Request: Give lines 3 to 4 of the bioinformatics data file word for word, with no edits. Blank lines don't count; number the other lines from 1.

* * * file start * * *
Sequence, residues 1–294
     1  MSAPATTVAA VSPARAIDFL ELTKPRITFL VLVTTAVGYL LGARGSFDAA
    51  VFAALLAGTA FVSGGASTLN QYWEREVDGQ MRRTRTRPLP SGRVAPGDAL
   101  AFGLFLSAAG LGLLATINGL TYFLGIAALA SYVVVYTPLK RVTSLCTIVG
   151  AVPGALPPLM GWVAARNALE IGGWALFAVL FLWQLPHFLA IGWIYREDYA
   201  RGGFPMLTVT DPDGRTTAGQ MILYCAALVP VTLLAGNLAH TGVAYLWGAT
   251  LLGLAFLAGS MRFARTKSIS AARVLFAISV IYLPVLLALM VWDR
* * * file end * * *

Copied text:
    51  VFAALLAGTA FVSGGASTLN QYWEREVDGQ MRRTRTRPLP SGRVAPGDAL
   101  AFGLFLSAAG LGLLATINGL TYFLGIAALA SYVVVYTPLK RVTSLCTIVG